Creating the Green Standard
January 4, 2019 (Batesville, Ark.) — In the past decade, Batesville has taken bold action to invest in the future by turning to innovative technology and strategic, long-term planning for infrastructure, which has contributed to regional growth and captured the attention of national and state-level officials. The Environmental Protection Agency identified Batesville’s endeavors as a Green Project, and the city received a sizeable grant as part of the American Recovery and Reinvestment Act. Former Vice President Joe Biden included Batesville in his report, “100 Recovery Act Projects That Are Changing America.” Most recently, the city won three separate Arkansas Business Trendsetter City awards for infrastructure and environmentalism.
However, it was not long ago that Batesville faced a crisis, as its decades old wastewater treatment system reached maximum capacity and began failing to properly manage waste. Amid ongoing challenges of the economic recession in 2009, the city recognized the looming threat to their community and formed a response, which prioritized environmental and economic concerns. Today, Batesville, Arkansas, houses one of the most revolutionary and eco-friendly facilities for treating wastewater in the country. Once completed in 2016, the new Wastewater Treatment Plant became the largest facility of its kind in the United States. Batesville’s hidden technological marvel effectively purifies millions of gallons of wastewater each day and returns clean water back to the White River, benefitting regional ecosystems and supporting the growth of industry. For this, the city was awarded the coveted 2017 Pinnacle Award for overall excellence among every community in the state.
Through the Batesville Wastewater Treatment Facilities Improvements Project, city engineers devised ways to work with the natural landscape and reduce energy costs while improving treatment capacity. This meant drilling into dense rock for tunnels and utilizing gravity within the mountainous region. The new facility runs on about a third of the energy the former system needed, which equates to an estimated $90,000 in annual energy savings. Comprised of a complex system of basins, a lagoon, and a Moving Bed Bio-Reactor, wastewater undergoes treatment through a primarily organic process, which produces cleaner water yet requires fewer chemical additives. The unique bio-tech approach applies aerated water and bacteria to help remove toxins. The plant’s discharge water comes out cleaner than the White River, where it flows into the nearby waterway and counteracts pollution.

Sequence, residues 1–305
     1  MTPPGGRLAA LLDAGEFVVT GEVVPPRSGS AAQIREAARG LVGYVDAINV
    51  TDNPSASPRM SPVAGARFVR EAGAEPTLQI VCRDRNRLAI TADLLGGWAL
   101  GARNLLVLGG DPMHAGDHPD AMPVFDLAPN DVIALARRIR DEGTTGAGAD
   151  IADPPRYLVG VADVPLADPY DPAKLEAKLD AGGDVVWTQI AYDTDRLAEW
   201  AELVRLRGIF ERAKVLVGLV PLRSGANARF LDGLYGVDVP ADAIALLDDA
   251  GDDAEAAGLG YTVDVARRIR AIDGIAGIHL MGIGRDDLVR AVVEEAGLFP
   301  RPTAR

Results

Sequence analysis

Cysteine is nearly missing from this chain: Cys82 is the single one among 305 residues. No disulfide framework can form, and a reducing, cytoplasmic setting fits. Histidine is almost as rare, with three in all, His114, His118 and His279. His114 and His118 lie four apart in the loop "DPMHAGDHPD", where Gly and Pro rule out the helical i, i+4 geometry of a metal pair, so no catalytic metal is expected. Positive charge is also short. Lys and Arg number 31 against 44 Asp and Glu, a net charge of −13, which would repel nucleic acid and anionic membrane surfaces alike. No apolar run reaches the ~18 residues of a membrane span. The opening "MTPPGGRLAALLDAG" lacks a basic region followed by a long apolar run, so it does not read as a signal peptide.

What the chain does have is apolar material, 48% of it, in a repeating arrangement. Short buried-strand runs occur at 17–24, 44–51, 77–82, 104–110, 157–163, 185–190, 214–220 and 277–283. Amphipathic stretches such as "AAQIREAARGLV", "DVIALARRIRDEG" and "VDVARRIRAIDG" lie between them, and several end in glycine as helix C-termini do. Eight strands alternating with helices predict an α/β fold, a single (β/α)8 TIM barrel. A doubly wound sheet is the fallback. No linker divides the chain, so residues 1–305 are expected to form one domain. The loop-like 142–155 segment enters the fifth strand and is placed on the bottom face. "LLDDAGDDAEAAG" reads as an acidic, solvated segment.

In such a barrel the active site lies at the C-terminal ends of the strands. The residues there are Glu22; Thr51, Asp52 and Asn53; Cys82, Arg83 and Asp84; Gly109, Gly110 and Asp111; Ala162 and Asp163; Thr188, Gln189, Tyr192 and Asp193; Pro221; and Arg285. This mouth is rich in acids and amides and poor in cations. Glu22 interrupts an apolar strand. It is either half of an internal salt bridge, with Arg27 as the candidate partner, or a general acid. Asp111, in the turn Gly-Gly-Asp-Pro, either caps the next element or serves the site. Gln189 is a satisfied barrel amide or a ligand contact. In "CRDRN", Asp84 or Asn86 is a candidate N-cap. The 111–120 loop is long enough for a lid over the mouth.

Local industry accounts for half the wastewater processed, followed by the hospital and various commercial businesses. The city factored in potential growth as an important part of the new system. Currently, Batesville uses only 60% of the treatment plant’s 9 million gallon per day capacity, which leaves room for significant increases in population and twice the amount of industry, in theory. Additionally, the system was constructed and lines were laid so that the current equipment could be mirrored, allowing for vastly more overall waste treatment capacity as the need arises.
Batesville was acknowledged for a myriad of other environmentally-conscious efforts as well. In recent years, the city worked to expand trails, connect neighborhoods with paths, add bike lanes, and enhance pedestrian zones around town. Increased foot and bike traffic contributes to a smaller carbon footprint. The region is home to many small farms using sustainable and organic methods of growing. Local farmer’s markets and other venues host the growers and their products. Batesville also offers weekly curbside pickup of recyclables alongside standard trash. For these reasons and more, Batesville, one of the oldest communities in Arkansas, is emerging as one of its most progressive with focused planning to secure and build the city’s future.